Thursday, August 11, 2011

Book dedication: To my Mom, a.k.a. "Miss Winnie"

       It's fitting and proper that I dedicate my first book -- November Ever After --  to my mother. And that’s because Winnie F. Greenlee is most the determined person I have ever known.
       The words "I can't" were never in her vocabulary.
       Mom worked for 47 years in civil service and retired early to take care of my father after he retired. When Dad passed away, my mother sold the house that I helped to build as a teenager (I was a carpenter’s helper). She had a new home built and was 74 at the time.
       As things turned out, it was only beginning of what she wanted to accomplish. Mom decided to go back to school and a few years later, she earned a college degree in business management at the age of 80. Mom, though, wasn’t content with finishing school. She devoted a few years to teaching as a substitute in the public school system in St. John’s County, Florida...
       In the meantime, she always made the time to do her own yard work every Wednesday. It’s not like she had to, she wanted to. Aside from mowing grass and trimming where needed, she always found time to work in her garden that was heavily populated with plants, flowers and shrubs.
       I had every intention of not telling Mom about the book being dedicated to her until it was finished. I wanted it to be a surprise.
       All that went out the window when I talked with one of the nurses who tended to Mom after she moved to an assisted living facility. The nurse, whose name I can’t remember, grew up in West Virginia and graduated from Marshall. Here’s how that conversation went:
       “Craig, your mom tells me that you went to Marshall in the late ‘60s/early ‘70s. Were you there at the time of the plane crash?”
       “Sure was,” I answered. “Fact is, I’m writing a book about it.”
       “Hey, that’s great. Keep me posted on your progress.”
…….I didn’t think anything more about that conversation until I talked to Mom the next day.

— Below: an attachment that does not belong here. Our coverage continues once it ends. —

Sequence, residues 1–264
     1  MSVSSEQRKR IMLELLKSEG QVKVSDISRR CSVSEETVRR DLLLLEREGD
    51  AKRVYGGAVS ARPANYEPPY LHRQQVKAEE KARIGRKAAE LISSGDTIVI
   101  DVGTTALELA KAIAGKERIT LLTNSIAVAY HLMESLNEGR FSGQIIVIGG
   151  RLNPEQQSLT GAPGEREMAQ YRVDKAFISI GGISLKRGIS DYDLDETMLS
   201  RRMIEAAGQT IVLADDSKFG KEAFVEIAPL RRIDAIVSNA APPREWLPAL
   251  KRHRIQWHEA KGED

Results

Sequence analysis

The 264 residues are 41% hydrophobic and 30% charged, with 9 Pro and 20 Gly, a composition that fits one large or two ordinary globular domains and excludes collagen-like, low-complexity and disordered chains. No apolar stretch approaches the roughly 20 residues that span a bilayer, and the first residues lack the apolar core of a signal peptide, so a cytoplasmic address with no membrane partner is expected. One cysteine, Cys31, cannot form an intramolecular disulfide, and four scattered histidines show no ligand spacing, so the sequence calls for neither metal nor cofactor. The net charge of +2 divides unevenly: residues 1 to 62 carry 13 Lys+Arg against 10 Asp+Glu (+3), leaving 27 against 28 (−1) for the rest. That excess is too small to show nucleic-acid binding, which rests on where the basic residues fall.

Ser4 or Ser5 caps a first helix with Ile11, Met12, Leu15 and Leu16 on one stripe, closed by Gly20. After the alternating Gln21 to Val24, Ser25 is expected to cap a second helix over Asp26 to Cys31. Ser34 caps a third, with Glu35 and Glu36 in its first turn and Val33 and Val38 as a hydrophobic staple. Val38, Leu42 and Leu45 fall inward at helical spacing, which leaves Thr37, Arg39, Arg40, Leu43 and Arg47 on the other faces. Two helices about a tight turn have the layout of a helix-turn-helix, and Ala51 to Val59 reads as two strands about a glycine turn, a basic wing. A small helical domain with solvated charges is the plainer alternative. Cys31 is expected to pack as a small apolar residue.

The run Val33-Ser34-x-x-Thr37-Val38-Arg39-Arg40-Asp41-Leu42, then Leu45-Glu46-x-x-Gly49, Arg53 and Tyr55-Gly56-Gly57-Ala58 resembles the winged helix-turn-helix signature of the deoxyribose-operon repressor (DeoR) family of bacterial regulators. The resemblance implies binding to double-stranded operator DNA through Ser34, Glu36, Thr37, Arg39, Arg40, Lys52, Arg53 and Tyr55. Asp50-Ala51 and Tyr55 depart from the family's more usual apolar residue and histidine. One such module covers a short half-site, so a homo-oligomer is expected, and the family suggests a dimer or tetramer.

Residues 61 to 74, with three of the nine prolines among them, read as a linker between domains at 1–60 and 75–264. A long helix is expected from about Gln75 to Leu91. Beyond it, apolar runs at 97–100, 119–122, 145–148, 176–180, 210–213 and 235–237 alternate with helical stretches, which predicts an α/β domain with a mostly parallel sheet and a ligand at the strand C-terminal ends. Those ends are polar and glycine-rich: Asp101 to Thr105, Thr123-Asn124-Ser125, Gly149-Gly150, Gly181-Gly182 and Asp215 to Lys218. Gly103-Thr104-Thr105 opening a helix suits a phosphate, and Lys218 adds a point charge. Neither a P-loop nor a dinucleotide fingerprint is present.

“I heard that you’re writing a book about the time you were at Marshall,” she said. “The nurse told me all about it.”
       Shocked that she knew, I realized that my plans to surprise her were shot: “Well, yeah, I’m working on it,” I said. “So I might as well go ahead and tell you now that I’m dedicating the book to you.”
       Mom seemed to be caught off guard with that bit of news. But I could tell she was interested in what I might say in a dedication. But she never pressed me for more information on the subject.
       It was my sincere hope that I would be able to present Mom with a copy of November Ever After. I had every reason to believe that she would still be here in 2011. Things didn’t turn out that way. Mom passed away in March of last year, three months shy of her 90th birthday.
       The example set by my mother, known to many as “Miss Winnie” is always present before me. When I sit down in front of my computer to write, all I have to do is look at her college degree which is mounted on the wall in front of me. At those times when I don’t feel like writing, I look at that framed degree and realize that at age 80, Mom had more than enough gumption, drive and determination to see things through to the very end. So the question I find myself asking myself is this: If she was able to do what she did at 80 years old, then what’s my problem?


  1. I love what you wrote about your wonderful mother. Her photo is so revealing, I can tell just by looking at her face that I would have loved her. You are a lucky man to have had her around for so many years. Cheers

  2. Craig I think it's lovely. Definitely brought tears to my eyes - though I was smiling as I read it - I hope that makes sense.